Open Question: Melee Weapon of Choice?

How much of a role (if any) do weapons, that are not firearms, play in your personal defense?

By personal, I mean “you” singular as well as those around you (including family).

For me they play a small role but it is there. Inside about seven feet is where blades and impact weapons come in. I very much love blades, but if I am starring down an attacker at that range then a whole set of somethings has gone terribly wrong (which sometimes happens).

At really close distances, against one attacker, I can reasonably see batons, knives, swords, etc. being effective. That is just me. I am in relatively good shape and I am still relatively young. Not everybody is in that boat.

Again, I love “other” weapons, both modern and historical, but I am a realist who very much recognizes (and loves) the effectiveness of modern firearms. I am also cognizant of the fact not everyone has the same physical abilities. Some people have more money and some don’t. Due to age, location, or other legalities not everyone can own a firearm. Some (many) TTAK readers are not from the good Ol’ USA. Your thoughts and experiences matter too.
So there is the question. We would love to here from you!

comments

  1. dph says:

    For me a fish bonker (think billy club) is the ticket. Short for mobility and light enough to get some real bat speed. Handle wrapped with grip tape and equipped with a lanyard. Preferably made of straight grain hickory. Mine’s made from a broken shovel handle. I carry it in the truck regardless of jurisdiction as a tire checker.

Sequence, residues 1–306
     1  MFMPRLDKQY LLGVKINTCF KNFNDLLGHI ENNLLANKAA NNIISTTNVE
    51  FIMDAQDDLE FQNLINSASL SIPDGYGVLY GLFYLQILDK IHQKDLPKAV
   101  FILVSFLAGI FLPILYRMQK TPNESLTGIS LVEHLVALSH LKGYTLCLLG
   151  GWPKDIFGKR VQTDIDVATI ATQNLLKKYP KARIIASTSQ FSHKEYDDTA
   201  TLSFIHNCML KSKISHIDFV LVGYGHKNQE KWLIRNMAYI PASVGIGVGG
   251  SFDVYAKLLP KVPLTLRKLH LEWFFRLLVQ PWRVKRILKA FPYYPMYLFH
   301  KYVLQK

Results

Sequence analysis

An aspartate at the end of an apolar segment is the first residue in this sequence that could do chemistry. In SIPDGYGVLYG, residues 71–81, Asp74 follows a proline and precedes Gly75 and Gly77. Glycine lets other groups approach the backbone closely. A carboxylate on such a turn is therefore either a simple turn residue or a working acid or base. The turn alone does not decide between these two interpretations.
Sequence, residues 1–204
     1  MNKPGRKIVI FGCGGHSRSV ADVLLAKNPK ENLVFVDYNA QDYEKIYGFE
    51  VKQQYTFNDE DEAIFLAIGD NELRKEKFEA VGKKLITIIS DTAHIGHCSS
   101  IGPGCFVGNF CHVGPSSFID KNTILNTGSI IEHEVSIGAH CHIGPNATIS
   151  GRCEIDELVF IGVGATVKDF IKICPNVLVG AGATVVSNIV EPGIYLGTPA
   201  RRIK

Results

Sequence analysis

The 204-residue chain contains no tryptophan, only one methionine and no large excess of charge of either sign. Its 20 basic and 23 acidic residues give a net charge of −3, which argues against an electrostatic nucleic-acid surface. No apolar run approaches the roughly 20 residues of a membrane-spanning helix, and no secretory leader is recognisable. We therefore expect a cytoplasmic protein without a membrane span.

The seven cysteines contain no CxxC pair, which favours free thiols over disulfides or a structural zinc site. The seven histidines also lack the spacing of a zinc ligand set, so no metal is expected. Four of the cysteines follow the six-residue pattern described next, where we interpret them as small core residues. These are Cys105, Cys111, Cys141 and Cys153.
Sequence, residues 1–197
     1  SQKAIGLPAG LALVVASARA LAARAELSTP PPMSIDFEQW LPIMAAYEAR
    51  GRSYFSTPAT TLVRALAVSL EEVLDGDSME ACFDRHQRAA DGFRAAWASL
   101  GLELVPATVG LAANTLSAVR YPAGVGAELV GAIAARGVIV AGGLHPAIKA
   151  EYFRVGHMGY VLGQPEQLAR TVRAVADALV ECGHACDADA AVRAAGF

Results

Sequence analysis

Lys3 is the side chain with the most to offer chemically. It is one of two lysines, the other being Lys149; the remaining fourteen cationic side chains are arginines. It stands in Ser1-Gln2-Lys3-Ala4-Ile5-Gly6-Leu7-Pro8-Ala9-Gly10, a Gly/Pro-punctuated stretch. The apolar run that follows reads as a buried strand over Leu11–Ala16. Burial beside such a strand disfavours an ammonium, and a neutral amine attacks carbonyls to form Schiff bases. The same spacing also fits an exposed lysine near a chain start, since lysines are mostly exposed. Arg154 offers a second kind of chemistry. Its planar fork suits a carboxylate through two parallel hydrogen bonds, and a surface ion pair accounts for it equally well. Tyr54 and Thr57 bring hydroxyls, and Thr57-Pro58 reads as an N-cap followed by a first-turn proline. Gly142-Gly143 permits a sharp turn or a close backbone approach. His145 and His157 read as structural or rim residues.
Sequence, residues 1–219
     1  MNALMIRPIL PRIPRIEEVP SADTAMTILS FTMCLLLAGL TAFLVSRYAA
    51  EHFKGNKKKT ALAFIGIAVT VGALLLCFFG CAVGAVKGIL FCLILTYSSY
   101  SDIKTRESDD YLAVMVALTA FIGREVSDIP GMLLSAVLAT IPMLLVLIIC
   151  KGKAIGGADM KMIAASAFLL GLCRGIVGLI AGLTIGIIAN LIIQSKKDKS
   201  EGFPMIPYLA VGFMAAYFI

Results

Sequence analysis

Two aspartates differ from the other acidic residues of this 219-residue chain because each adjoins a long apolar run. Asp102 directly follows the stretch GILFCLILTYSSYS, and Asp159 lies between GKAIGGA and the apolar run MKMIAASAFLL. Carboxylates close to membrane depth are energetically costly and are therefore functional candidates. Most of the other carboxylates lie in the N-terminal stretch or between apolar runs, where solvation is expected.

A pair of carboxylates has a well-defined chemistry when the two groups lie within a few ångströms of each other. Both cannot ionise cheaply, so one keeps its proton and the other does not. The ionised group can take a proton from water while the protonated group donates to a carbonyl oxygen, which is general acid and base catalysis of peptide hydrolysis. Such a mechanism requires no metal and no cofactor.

https://www.personalsafetynow.net/products/ole-hickory-tire-thumper-and-fish-club

  2. cmeat says:

    i watched a medium sized guy keep inflicting pain on a very large man that he held at bay with a light jacket. he kept twirling it up and snapping it like a towel so that the steel zipper would lacerate his opponent.
    a lock in a sock is limited by the fabrics tensile strength. kids (girls) around here carry heavy chains with padlocks (in purse).
    the axe handle deal whatever is great until (snap) it’s not.
    i suggest an aluminum t– ball bat.

  3. Cadeyrn says:

    Depends. If it is a mob, my favorite weapon would be my feet. If it is one-on-one or even two or three, and I have my real choice, I’d choose a smallsword. Alternatively, a katana. I know how to use both and although I’m nowhere near as fast as I once was, I was good enough back in the day to get a gold medal in fencing at my state’s annual State Games.

    If it is a going-into-the-wilderness to fight who-knows-what, I’d choose a spear every time. Useful as a walking stick, thumper and poker, the occasional slice, it helps keep nasty things of every kind at a safe distance.

  4. Mike L. says:

    By my bedside for last couple of decades is my shoehorn…go ahead and laugh. That is until you see its solid brass and 12-14 inches long. Weighs about half a pound. Plus it works great to put my shoes on !